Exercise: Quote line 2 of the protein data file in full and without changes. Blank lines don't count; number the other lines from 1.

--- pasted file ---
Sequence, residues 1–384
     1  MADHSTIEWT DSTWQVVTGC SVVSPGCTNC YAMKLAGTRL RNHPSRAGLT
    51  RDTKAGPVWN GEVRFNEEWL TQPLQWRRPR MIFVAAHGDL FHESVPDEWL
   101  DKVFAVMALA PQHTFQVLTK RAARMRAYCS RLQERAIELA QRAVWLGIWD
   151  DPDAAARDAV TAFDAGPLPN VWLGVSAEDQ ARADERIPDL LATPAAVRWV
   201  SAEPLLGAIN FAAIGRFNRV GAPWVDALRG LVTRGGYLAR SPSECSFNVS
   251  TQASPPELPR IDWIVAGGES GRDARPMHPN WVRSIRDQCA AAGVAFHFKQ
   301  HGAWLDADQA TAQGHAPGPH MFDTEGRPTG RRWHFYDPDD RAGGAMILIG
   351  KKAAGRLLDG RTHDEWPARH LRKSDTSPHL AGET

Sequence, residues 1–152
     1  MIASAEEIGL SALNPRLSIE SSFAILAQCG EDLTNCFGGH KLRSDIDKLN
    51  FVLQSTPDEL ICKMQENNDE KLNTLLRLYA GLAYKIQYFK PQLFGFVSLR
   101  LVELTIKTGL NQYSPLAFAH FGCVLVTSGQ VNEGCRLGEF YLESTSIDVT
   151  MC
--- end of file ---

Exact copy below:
     1  MADHSTIEWT DSTWQVVTGC SVVSPGCTNC YAMKLAGTRL RNHPSRAGLT